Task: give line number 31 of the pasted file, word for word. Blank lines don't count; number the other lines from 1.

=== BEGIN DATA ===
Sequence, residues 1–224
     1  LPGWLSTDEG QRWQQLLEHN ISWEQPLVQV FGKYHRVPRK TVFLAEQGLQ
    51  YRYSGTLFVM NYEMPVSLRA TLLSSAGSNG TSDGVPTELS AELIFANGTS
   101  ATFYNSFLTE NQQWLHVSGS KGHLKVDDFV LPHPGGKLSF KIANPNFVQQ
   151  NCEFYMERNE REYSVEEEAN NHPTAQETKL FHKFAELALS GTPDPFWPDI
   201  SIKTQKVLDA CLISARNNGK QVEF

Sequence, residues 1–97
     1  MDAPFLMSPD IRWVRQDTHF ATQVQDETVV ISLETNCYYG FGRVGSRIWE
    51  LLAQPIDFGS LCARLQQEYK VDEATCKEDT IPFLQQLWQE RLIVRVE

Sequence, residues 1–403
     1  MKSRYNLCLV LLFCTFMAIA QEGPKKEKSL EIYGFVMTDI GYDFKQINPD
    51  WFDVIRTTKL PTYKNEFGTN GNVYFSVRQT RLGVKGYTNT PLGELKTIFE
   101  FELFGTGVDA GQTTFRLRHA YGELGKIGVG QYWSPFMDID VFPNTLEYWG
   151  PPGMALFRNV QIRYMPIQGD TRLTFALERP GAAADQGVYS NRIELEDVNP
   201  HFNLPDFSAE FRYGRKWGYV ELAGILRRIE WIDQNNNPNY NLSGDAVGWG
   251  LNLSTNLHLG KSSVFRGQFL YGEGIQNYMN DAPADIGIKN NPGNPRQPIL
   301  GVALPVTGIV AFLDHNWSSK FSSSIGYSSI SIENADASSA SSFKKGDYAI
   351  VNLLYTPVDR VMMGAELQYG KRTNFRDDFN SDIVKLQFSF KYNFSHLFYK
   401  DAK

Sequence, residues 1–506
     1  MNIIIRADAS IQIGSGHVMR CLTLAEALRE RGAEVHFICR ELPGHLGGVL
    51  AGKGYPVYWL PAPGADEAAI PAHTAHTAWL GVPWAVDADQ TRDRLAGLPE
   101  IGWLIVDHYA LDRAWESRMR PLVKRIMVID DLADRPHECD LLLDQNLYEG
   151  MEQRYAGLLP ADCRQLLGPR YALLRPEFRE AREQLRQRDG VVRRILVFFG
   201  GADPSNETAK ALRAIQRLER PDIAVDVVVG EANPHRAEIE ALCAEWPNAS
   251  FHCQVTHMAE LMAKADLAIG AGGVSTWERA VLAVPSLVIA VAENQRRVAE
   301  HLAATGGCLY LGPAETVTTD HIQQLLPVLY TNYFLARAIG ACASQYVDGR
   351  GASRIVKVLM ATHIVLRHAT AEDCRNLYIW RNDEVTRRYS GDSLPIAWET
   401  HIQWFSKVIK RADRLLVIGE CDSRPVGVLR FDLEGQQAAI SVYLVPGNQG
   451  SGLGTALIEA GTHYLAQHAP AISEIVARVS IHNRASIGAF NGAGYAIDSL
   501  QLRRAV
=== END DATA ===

   501  QLRRAV